Monday 16 February 2015 7.42pm
Jim - it's ring-fenced for Southwark's programme to build new council homes across the borough.

The specific cash from 1TB was allocated toward some of the first 1,000 such homes back in 2012: http://www.london-se1.co.uk/news/view/6383

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Monday 16 February 2015 9.26pm
Karen I wrote:
That's a bit nasty Davies.

But is it in any way inaccurate?
Monday 16 February 2015 9.35pm
Zoe wrote:
Just in response to Davies, council housing is self funding, no taxes are being used, so your taxes are not paying for this housing. The housing revenue account for councils is a stand alone fund and legally can't be charged to council tax.
Some people actually argue that it is housing residents who are paying to subsidise council tax payers, as they pay council tax and if they live on an estate, pay again for lighting, cleaning and their bins to be emptied, which is covered in the council tax for those who live in streets.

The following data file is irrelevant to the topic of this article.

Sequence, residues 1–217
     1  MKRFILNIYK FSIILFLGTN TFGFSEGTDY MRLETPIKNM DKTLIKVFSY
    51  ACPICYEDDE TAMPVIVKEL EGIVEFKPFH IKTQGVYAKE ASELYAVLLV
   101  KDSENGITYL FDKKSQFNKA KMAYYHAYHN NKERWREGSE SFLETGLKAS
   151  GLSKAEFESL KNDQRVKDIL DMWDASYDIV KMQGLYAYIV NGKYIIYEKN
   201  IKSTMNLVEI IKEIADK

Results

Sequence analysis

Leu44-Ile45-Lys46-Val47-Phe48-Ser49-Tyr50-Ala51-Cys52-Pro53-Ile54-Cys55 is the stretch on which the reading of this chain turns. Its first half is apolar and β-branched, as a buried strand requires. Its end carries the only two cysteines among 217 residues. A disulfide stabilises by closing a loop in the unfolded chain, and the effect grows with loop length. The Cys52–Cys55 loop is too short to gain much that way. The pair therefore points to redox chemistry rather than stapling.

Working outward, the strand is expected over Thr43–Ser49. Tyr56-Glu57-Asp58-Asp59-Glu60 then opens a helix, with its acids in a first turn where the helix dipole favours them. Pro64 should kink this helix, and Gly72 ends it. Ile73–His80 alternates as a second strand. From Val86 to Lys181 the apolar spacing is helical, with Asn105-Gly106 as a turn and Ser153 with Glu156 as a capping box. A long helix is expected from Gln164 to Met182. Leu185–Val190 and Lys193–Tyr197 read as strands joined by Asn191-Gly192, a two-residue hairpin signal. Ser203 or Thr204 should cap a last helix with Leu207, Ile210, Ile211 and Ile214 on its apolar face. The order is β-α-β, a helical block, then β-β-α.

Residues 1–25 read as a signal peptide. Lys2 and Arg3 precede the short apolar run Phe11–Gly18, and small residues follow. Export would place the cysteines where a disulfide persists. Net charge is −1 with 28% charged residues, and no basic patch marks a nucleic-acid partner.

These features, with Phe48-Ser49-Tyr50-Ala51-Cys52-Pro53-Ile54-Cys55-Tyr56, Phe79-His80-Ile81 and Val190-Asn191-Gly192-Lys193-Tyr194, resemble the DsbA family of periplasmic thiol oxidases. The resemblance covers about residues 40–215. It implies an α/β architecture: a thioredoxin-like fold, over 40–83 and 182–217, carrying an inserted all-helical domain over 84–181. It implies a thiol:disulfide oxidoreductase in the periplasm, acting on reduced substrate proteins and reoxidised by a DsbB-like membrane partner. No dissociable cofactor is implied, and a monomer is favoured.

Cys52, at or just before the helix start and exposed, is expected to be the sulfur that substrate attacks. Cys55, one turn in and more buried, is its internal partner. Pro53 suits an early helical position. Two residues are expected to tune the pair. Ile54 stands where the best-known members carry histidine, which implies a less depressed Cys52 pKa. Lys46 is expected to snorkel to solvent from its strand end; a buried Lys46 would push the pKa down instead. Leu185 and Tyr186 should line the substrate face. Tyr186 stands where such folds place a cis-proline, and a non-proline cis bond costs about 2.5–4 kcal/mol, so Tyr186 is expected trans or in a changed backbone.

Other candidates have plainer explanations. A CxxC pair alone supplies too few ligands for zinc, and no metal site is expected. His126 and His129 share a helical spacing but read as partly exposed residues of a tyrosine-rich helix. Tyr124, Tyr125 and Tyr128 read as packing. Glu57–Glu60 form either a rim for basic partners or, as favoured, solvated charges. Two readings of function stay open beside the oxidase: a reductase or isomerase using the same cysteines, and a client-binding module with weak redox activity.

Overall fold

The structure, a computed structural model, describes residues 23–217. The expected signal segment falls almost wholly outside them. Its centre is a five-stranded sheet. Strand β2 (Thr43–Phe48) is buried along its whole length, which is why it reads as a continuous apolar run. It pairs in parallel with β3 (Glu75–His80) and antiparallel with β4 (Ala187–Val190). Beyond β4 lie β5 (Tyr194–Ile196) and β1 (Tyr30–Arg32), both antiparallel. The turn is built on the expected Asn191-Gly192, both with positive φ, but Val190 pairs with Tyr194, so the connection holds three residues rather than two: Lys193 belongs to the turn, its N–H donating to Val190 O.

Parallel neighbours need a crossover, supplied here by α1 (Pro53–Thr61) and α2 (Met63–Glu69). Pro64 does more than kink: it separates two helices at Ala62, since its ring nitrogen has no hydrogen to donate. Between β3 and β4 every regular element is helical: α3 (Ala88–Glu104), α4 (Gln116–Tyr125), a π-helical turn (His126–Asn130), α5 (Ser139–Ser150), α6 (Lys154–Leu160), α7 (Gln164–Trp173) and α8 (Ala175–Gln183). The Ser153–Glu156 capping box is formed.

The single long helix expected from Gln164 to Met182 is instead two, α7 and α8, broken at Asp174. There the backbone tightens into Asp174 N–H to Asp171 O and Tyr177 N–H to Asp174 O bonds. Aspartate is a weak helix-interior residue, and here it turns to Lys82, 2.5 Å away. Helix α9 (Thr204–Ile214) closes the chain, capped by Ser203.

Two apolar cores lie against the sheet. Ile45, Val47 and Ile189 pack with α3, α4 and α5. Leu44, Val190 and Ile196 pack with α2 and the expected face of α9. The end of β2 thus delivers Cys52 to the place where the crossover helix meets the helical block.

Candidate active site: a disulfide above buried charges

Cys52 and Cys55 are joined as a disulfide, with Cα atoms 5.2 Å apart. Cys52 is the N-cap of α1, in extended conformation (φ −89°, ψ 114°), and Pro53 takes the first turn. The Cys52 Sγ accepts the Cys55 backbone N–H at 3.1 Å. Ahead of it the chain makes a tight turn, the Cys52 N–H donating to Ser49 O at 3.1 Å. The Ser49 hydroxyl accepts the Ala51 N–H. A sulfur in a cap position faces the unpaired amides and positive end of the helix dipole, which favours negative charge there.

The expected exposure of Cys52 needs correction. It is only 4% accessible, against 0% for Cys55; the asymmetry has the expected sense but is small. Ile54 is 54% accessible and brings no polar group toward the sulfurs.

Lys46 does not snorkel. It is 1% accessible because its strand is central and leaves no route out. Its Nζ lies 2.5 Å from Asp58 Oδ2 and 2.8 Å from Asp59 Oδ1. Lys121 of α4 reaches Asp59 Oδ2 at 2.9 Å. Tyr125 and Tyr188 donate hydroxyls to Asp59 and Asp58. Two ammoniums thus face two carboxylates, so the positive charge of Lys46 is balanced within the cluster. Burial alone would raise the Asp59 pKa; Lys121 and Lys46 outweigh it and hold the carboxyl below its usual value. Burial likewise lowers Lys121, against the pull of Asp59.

This is a lot of fuss about 43 residents, just let them have access to the garden.

So you are personally guaranteeing that the occupants of these 43 1M pound flats, i.e. 43 million pounds worth of property which seems to me worth making a little bit of a fuss about, won't buy them cheap under right to buy and sell them off at vast profit and its all fine because it doesn't affect how much tax I pay? And meanwhile lets worry about their garden access?

I do know that there is a two tier arrangement for Council Tenants and everyone else where Council Tenants get garages and things cheap and free pest control and anyone else out there gets to pay extra to subsidise them.

Zoe can you explain why I have to pay so much more to hire a garage and can't get pest control just because I'm not a council tenant and I frankly don't believe my council and income tax doesn't go to subsidise all this.
Please be so kind as to provide links to the relevant documents to substantiate your argument.
I thank you in advance because I don't keep up with this stuff, I just always feel I'm paying and paying for no benefit to me I can see, and and I genuinely want to know.